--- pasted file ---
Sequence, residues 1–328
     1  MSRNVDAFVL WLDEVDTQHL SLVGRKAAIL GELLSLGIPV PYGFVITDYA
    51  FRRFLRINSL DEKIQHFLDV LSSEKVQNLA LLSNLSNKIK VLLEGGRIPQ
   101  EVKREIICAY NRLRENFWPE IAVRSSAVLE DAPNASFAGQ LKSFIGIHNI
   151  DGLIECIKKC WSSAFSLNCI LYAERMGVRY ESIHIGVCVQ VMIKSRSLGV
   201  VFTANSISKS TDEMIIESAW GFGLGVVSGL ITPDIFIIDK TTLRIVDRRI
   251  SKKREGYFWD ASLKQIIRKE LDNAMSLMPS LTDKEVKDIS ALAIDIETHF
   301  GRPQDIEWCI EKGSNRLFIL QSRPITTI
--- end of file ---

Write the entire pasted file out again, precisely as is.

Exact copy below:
Sequence, residues 1–328
     1  MSRNVDAFVL WLDEVDTQHL SLVGRKAAIL GELLSLGIPV PYGFVITDYA
    51  FRRFLRINSL DEKIQHFLDV LSSEKVQNLA LLSNLSNKIK VLLEGGRIPQ
   101  EVKREIICAY NRLRENFWPE IAVRSSAVLE DAPNASFAGQ LKSFIGIHNI
   151  DGLIECIKKC WSSAFSLNCI LYAERMGVRY ESIHIGVCVQ VMIKSRSLGV
   201  VFTANSISKS TDEMIIESAW GFGLGVVSGL ITPDIFIIDK TTLRIVDRRI
   251  SKKREGYFWD ASLKQIIRKE LDNAMSLMPS LTDKEVKDIS ALAIDIETHF
   301  GRPQDIEWCI EKGSNRLFIL QSRPITTI